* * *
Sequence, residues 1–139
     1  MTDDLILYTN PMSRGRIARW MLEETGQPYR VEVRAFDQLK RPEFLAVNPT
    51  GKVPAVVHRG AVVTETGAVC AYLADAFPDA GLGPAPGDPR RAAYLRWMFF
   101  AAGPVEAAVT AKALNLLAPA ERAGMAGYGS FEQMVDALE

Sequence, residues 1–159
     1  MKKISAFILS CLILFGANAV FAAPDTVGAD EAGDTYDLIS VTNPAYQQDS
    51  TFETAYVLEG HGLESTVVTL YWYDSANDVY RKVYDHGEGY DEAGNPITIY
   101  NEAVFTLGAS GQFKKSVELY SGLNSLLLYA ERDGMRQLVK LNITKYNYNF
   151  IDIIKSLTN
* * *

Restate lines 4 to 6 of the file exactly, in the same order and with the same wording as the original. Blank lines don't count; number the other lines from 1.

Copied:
   101  AAGPVEAAVT AKALNLLAPA ERAGMAGYGS FEQMVDALE

Sequence, residues 1–159
     1  MKKISAFILS CLILFGANAV FAAPDTVGAD EAGDTYDLIS VTNPAYQQDS